Posted by: Gillian | May 10, 2010

Flexibility stress at adult exam time

Adult learners and independent workers alike are bombarded with ideas about managing their time.  Some are endlessly positive and others ruthlessly prescriptive.  This is not a ‘deep’ post but a de-stressing one for those looking for something that does not exist.  As one who works independently in higher/professional education, I observe:

  1. Global working means global hours
  2. Professional and part-time learners tend to be really aware of their time and that is the first positive step to creating some cut-off points.  After all, you need to eat so why not stop everything for one of breakfast/lunch/dinner – whichever best suits your work/learning/family commitments balance?  Even ten minutes helps.
  3. George Turnbull’s comments aimed at UK school(under19) exam takers can be adapted very easily by anyone taking exams and the core advice is sound http://tinyurl.com/34gnr6y
  4. Personal and work stress undoubtedly mess up education/learning schedules and it is far from unusual even if, to you, it seems the end of the world.
  5. It is supposed to be a teenage phenomenon but yes, some adults do whinge.
  6. Adults, as learners (or teachers), can take 30 seconds out and think:
  1. What was my goal when I started
  2. Is my goal still relevant  (if given an extra hour a day)
  3. Am I rethinking things so badly that even the L’Oreal ‘because I’m worth it’ comment  raises neither a  spark of anger nor a spark of recognition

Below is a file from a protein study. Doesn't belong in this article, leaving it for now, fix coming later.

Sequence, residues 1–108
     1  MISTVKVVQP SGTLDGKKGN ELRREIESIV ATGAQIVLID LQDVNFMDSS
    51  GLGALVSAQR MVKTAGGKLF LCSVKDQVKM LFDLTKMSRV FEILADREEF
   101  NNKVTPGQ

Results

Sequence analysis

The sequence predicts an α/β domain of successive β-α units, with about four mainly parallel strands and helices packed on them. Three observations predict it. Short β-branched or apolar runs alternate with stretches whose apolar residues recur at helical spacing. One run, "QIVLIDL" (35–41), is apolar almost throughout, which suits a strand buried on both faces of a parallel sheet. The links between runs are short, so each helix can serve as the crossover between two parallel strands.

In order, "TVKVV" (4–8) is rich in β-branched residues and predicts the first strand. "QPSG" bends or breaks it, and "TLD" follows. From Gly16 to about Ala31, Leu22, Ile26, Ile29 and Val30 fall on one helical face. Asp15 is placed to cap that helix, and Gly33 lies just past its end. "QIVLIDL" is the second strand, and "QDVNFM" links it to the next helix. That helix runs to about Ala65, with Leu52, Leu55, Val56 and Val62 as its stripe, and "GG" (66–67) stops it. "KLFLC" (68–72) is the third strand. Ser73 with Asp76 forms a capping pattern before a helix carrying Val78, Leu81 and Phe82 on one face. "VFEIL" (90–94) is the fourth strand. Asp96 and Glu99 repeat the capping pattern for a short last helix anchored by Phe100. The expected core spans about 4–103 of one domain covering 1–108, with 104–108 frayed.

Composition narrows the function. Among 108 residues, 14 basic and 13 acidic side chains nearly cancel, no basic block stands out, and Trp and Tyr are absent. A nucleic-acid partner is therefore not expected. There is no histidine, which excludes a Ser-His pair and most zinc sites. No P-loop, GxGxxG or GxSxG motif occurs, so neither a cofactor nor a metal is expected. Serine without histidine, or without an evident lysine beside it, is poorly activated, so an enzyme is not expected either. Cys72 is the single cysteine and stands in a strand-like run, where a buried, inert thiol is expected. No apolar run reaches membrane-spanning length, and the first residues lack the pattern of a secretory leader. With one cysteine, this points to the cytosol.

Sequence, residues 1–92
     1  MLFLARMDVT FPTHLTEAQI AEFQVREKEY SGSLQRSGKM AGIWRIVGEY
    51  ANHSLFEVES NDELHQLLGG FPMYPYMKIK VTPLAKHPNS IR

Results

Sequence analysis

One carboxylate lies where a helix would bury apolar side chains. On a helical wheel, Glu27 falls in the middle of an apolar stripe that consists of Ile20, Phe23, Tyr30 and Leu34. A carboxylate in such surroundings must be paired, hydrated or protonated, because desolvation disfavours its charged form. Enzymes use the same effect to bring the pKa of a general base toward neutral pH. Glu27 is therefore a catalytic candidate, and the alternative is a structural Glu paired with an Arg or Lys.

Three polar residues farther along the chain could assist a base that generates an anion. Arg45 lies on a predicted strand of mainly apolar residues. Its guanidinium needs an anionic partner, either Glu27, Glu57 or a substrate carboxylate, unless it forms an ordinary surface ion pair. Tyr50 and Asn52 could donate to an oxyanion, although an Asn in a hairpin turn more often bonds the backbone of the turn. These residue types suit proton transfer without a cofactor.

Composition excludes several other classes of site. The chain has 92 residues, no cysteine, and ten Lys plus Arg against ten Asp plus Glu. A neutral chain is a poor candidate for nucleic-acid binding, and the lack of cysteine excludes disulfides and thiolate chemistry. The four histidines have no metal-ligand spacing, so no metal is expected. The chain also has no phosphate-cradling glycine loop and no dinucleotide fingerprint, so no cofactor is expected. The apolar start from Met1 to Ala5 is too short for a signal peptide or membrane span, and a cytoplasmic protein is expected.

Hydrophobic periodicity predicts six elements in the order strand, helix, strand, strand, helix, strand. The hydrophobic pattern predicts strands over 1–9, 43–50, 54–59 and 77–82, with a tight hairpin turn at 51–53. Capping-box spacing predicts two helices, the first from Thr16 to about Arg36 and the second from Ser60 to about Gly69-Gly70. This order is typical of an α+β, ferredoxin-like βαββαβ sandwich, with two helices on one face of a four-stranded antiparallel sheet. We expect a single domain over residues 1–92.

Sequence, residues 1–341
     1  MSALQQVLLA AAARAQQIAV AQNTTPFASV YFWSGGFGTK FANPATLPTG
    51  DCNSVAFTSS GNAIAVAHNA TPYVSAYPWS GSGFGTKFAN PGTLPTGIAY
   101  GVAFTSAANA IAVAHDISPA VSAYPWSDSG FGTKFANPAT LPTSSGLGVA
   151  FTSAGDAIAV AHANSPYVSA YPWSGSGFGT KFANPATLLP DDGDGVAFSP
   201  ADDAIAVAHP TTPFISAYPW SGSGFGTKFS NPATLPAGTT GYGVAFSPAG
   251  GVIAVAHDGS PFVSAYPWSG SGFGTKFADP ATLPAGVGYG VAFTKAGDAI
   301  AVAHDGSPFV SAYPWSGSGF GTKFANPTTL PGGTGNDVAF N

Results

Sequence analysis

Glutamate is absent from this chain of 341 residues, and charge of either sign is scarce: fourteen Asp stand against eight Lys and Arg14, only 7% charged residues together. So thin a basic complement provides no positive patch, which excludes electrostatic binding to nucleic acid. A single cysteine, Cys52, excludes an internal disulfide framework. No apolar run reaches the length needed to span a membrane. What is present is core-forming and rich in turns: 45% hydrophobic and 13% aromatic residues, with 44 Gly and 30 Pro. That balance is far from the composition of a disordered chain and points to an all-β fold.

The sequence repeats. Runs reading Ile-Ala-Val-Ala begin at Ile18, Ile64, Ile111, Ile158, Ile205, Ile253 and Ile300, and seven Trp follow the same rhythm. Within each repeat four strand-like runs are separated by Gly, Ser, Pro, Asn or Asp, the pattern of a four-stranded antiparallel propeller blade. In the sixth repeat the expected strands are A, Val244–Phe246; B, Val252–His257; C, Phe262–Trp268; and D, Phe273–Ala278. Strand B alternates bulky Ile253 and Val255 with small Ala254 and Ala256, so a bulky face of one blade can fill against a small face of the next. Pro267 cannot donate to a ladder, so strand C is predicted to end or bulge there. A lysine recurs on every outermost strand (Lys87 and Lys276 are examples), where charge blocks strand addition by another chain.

Adults can have reasons for giving up on courses or for not fulfilling work commitments.  Fairly obviously, the role of the moment matters.  If you are in exam stress, take that 30 seconds and think.  Forget the ‘no pain no gain’ rubbish – you have hit the pain.  The problem is sorting out the priorities.

If on active service in the middle of a war zone (yes, it is common!), just make contact with your uni/college as fast as you reasonably can.  There are Appeals procedures that will apply to you (and if not, contact me and I’ll take that up with whomsoever)

If you have a major work emergency such as a takeover or front-page national news event that throws your entire team into disarray, then contact your uni/college fast.  Again, there are Appeals procedures.

If you have a death or other major family incident to handle, contact your Tutor or Student Office within at least four weeks.  Some institutions allow more time.  If your institution allows less, do appeal because the vast majority of places allow for genuine ‘out of the blue’, knocked-sideways conditions.

If your family or your work is being moderately or ‘forgetively’ supportive and you are not sure:

  1. Yes, I am here
  2. Do  not give up until you have done those exams and been seen wanting
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